One of the most recognized minds in philosophy, Aristotle is a founding father of many schools of philosophy, law, science, and ethics.
Aristotle was born in 384 BCE in Stagirus, Macedonia. His father, Nicomachus, was a physician to the King Amyntas of Mecadonia. Nicomachus died when Aristotle was fairly young, leaving the boy under the care of a guardian named Proxenus.
Aristotle was sent to Athens at the age of seventeen to study at Plato's Academy, where he studied for twenty years, until Plato's death. While there, Aristotle rose to be one of the best students at the Academy, though he disagreed with Plato frequently.
Aristotle left to live in the court of his friend Hermeas for three years. While he was there, he married Hermeas' niece Pythias. Several years later he married a woman named Herpyllis, and named their son after his father.
Later, Hermeas' kingdom was taken over by Persians, and Aristotle moved to Mytilene. Soon after, King Philip requested Aristotle to serve as a tutor to his thirteen-year-old son, Alexander the Great. Aristotle did this for five years until Alexander came to power following his father's death. In return for his services, the young king provided Aristotle with books and tools for scientific research.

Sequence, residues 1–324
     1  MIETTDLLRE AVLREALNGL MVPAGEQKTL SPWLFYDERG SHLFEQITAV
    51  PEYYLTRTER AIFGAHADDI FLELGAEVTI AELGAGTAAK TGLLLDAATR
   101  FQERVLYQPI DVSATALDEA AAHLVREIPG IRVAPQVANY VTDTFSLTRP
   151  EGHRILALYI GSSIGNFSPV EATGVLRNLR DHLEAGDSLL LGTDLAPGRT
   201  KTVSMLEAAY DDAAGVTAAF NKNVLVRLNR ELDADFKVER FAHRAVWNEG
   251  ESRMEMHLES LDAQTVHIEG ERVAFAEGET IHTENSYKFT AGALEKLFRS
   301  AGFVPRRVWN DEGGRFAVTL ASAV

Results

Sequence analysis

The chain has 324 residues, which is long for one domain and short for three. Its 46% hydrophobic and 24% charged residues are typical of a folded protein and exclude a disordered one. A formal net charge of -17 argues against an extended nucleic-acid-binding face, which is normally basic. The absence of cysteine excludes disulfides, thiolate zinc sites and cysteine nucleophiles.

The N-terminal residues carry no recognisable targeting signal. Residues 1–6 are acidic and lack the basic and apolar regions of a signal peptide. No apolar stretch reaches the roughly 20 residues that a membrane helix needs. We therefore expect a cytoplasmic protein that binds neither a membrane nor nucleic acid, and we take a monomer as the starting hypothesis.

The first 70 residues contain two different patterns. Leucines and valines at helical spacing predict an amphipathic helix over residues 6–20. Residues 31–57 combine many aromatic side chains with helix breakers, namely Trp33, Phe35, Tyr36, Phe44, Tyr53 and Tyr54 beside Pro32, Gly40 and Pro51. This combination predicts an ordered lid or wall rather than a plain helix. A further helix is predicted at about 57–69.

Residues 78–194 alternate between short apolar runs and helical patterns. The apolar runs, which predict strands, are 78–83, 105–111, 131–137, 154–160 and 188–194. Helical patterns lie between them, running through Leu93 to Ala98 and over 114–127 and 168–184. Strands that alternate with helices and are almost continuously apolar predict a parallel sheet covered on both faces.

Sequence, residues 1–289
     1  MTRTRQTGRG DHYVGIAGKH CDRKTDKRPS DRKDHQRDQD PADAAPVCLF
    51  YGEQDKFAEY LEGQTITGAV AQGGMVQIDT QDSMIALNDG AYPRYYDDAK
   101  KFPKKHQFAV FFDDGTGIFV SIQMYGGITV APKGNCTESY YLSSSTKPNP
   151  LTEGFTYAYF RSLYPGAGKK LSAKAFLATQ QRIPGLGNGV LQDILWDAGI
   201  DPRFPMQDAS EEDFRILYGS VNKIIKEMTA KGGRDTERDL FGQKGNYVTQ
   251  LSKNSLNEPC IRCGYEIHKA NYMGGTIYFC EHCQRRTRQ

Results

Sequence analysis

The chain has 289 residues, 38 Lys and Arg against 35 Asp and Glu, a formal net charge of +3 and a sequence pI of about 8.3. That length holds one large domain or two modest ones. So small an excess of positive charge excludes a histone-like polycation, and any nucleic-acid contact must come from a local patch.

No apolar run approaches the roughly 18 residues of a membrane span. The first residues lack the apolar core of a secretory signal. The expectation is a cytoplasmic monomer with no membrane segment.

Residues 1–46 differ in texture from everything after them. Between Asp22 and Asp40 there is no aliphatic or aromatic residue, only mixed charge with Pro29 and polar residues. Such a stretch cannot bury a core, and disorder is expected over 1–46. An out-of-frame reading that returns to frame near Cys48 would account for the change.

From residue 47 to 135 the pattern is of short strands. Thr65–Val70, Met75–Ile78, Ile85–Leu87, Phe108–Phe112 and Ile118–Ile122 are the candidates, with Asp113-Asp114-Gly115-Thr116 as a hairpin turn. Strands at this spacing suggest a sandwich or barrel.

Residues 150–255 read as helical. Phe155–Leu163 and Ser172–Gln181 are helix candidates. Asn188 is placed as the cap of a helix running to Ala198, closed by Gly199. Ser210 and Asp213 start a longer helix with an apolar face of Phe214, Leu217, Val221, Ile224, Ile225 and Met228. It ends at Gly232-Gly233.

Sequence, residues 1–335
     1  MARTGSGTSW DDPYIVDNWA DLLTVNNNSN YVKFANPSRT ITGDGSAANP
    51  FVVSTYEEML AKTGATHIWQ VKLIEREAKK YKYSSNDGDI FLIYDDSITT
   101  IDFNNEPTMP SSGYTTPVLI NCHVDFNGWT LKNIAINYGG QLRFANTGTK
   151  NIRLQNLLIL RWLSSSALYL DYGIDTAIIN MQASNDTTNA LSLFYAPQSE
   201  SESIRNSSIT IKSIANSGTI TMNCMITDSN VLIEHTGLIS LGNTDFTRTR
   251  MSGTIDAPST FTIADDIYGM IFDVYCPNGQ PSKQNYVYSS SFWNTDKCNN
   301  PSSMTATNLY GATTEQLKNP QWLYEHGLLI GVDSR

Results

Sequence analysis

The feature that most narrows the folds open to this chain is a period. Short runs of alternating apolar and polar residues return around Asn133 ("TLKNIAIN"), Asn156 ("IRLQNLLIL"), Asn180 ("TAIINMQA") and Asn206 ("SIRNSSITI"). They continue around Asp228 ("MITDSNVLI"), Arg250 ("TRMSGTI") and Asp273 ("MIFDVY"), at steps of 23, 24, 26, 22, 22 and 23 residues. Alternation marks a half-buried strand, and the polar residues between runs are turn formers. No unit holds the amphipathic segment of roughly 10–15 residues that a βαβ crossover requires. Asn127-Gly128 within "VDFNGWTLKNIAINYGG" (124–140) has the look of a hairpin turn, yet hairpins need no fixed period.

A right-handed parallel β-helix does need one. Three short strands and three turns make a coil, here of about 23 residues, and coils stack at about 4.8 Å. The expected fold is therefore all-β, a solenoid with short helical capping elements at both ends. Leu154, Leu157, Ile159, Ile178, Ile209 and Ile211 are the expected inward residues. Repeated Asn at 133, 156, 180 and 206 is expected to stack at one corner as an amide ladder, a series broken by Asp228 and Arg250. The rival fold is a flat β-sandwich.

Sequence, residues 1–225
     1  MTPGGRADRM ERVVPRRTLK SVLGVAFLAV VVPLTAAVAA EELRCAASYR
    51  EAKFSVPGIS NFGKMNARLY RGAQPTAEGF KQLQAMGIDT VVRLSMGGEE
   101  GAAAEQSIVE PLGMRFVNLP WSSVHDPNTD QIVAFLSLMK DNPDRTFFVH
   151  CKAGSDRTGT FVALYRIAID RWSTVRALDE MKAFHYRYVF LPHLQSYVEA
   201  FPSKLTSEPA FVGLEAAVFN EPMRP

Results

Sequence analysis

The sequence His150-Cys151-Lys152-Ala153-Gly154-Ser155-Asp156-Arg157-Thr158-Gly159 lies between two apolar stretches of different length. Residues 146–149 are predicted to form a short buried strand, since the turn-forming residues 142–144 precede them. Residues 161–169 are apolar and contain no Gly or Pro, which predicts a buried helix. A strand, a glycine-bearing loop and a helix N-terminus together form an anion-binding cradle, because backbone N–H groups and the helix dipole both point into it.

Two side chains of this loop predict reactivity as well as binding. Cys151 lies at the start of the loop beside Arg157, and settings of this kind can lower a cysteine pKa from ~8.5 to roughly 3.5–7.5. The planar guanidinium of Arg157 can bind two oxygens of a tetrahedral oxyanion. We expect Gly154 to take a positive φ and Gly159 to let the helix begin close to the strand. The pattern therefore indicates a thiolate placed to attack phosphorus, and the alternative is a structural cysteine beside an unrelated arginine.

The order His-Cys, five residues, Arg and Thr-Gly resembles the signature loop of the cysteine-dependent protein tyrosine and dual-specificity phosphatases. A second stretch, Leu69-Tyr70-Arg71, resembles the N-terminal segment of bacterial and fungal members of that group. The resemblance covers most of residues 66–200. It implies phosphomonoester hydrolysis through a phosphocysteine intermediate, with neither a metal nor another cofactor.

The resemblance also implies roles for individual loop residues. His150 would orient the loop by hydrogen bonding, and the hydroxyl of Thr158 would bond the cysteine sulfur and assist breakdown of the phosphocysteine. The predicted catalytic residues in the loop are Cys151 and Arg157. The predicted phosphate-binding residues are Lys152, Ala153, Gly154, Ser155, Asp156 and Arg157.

Aristotle returned to Athens in 335 BCE and founded his own school, the Lyceum, which would compete with the Academy (now headed by Xenocrates). In the twelve years that this school was open Aristotle wrote many of his famous peices, including Metaphysics and Politics.
In 323 BCE, Alexander the Great died and Athens was overthrown. Aristotle, because of his ties with the Macedonian family, was forced to flee to Chalcis in Euboea where he died a year later.
Name: Αριστοτελης (Aristotle)
Born: 384 BCE, Stageira, Macedonia
Died: 322 BCE, Euboea